“I don’t fit into the Indian fashion scene that’s obsessed with white skin”
Life has changed for supermodel Lakshmi Menon since the death of photographer Prabuddha Dasgupta, the love of her life.Updated: May 30, 2016 14:03 IST
It was a hard, unseasonably hot and sweaty day in Goa. We were working on the trials for a cover shoot. The lanky, thin model was quietly trying on outfit after outfit along with our team of stylists and fashion editors. I stood by the door of the room (even the fans weren’t working that day), leaving the team to deal with it.
As I watched the frenzy, I sensed there were really only two individuals in that humid, overcrowded room: Prabuddha Dasgupta and Lakshmi Menon, our photographer and cover girl. Everything and everyone else were just incidental. With each outfit change, Lakshmi would look at Prabuddha for his nod of approval. There was a comfortable silence of the spoken and unspoken between them as they worked together. Breaking into that private zone with one’s own words felt almost pervert-ish, like peeping through the keyhole while da Vinci worked on his Mona Lisa.
That was four years ago.
Last week I met Lakshmi again. Still lanky and impossibly thin. Goa was still unseasonably hot and sweaty. But the Lakshmi I met was not that girl in the trial room holding her breath for that nod from the man with whom she shared more than a working relationship. This Lakshmi Menon was all grown up, spouting Kafka and Bruce Chatwin while philosophically explaining the concept of life and mortality in a breath.
Her cynicism is palpable even as she tries hard to hide it behind tough statements like, “nothing in life lasts forever”, “mortality is a reality and the sooner we learn that, the easier it gets.” These probably, were words that held her together after she lost her mentor, partner and love Prabuddha to a heart attack four years ago.
“You see, shit happens, but life goes on. I am blessed with good friends, I call them my inner circle, who helped me through my period of uncertainty,” she says between long pauses and forlorn gazes at the artworks and photographs on the walls, before quickly turning around and smiling into your eyes.
Sitting behind a laptop in Prabuddha’s house in Assagao, Lakshmi is working on a new project that she says “will change the landscape of this country.”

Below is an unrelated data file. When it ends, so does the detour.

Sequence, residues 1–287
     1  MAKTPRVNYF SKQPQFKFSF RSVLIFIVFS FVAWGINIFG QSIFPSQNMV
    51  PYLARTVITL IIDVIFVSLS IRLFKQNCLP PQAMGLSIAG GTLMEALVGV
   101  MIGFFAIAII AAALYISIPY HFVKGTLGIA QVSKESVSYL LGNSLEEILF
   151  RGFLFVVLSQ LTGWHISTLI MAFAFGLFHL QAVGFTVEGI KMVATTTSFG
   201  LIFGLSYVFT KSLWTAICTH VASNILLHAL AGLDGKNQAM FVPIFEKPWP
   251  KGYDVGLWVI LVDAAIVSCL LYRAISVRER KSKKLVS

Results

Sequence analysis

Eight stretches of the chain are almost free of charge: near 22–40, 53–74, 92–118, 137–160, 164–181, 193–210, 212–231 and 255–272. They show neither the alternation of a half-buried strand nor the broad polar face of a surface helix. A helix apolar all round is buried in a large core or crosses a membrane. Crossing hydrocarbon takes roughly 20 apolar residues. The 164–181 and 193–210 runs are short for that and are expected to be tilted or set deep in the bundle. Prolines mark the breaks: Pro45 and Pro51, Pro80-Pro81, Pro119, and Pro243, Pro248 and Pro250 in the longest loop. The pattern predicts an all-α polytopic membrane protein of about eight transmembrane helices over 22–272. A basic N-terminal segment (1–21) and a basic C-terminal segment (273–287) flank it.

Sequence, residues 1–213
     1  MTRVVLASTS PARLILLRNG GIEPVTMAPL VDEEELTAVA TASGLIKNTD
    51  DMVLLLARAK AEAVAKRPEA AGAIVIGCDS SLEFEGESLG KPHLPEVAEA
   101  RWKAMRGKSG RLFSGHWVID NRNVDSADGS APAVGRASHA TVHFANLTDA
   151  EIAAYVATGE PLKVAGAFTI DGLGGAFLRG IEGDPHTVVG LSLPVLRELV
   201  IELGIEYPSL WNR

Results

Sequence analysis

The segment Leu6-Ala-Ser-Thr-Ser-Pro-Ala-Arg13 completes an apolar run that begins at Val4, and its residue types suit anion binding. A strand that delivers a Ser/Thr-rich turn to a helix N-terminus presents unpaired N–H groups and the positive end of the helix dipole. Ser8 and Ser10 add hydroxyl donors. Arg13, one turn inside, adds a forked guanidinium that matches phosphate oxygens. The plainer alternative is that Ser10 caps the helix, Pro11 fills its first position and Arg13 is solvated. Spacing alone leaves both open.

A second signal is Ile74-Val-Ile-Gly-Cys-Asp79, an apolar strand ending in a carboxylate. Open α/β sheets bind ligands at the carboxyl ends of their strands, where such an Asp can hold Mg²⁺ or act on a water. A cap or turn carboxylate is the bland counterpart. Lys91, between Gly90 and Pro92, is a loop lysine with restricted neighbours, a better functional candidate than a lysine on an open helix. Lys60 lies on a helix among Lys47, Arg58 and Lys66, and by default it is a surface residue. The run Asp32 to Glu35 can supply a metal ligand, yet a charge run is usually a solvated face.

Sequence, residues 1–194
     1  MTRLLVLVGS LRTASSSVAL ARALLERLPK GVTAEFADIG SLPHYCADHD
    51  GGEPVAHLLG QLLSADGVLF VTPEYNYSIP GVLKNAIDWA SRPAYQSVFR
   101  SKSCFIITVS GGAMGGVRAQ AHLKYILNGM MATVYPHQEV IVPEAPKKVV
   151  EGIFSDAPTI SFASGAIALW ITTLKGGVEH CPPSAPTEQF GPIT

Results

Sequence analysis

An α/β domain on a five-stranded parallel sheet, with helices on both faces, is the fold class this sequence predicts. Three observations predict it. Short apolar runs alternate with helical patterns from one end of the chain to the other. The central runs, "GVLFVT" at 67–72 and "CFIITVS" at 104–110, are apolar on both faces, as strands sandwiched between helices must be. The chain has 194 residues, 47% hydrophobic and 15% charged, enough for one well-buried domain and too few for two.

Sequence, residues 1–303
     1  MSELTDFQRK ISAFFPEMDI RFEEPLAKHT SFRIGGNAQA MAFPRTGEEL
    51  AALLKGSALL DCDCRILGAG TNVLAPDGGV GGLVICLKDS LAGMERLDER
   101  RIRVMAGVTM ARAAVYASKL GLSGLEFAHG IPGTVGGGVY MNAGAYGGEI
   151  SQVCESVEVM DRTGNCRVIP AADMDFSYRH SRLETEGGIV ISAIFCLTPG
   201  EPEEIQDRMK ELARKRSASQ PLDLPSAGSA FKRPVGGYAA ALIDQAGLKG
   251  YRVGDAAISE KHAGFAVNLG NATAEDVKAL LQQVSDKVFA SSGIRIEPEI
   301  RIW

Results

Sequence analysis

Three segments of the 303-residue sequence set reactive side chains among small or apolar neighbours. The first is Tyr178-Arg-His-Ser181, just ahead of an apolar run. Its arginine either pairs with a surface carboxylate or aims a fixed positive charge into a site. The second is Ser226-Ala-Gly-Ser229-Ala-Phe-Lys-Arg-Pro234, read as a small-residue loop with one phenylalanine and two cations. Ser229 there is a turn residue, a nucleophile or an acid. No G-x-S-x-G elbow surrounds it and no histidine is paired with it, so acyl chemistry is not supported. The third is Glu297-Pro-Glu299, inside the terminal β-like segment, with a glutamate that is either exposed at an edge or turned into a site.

At 35, Lakshmi is preparing for a new career that she is too cagey to talk about. “I don’t know how this project is going to turn out, but everything has an expiry date, and I know my life in fashion is nearing its end. I do a few editorial shoots now, but I have reduced much of that because I am now completely focussed on my new venture. I still keep my place in New York though I plan to eventually base in Bombay. I come to this house once in a while to make sure the place is fine,” she says, pointing towards an overgrown palm. “These things need tending.” She gives the palm a long hard look and adds, “Sometimes I come here for peace.”
The Malayali girl from Bangalore who put India on the international fashion map is ready to come home after living and working in New York and Paris since Prabuddha discovered her 15 years ago.
“I was studying in Bangalore when a friend introduced me to Prabuddha, saying I was his kind of model. She said my dark skin and lanky figure would appeal to him.” Indeed. He asked her for a casting session which landed her first modelling outing with Deutsche Bank. “But I wasn’t very successful in the Indian mainstream fashion at the time because of... surprise, surprise... my dark skin and thin structure.” Prabuddha probably knew that already. “He told me I did not fit the Indian stereotype and that I must move abroad if I wanted to take fashion as a serious career.”
Lakshmi took his words seriously and then the international fashion world took her seriously when Jean Paul Gaultier saw her work in an Indian magazine, while looking for an Indian model to walk at his Chanel show in Paris in 2006. A show for Jean Paul Gaultier was followed by work on the Hermès catwalk and campaigns for Hermès, Max Mara, Givenchy, H&M, J Crew, Bergdorf Goodman, Bloomingdale’s, Neiman Marcus, and Nordstrom.